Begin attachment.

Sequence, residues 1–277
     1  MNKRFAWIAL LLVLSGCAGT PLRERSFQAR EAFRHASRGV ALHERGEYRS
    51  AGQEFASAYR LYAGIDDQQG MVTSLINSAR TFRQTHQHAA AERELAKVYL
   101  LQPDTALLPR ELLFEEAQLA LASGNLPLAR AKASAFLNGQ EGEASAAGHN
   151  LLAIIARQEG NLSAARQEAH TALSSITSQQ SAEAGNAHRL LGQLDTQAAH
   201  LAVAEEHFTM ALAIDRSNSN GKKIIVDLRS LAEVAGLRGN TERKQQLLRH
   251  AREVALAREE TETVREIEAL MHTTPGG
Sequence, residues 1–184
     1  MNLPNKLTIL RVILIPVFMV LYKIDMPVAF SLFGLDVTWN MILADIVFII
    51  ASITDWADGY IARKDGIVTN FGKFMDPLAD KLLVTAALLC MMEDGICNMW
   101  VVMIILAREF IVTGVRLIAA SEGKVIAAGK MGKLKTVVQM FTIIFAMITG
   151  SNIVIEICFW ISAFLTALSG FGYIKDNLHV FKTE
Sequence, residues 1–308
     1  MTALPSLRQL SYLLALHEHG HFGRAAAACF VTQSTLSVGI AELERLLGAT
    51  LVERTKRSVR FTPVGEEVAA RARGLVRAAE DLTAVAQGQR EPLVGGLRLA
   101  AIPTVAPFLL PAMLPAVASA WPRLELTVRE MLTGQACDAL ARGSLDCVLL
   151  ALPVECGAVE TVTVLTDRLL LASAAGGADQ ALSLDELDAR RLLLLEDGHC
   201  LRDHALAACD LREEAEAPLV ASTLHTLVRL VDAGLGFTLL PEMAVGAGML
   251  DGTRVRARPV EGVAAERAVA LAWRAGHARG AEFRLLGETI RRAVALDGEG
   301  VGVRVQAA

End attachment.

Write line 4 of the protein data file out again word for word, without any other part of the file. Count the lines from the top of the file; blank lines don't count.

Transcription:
   101  LQPDTALLPR ELLFEEAQLA LASGNLPLAR AKASAFLNGQ EGEASAAGHN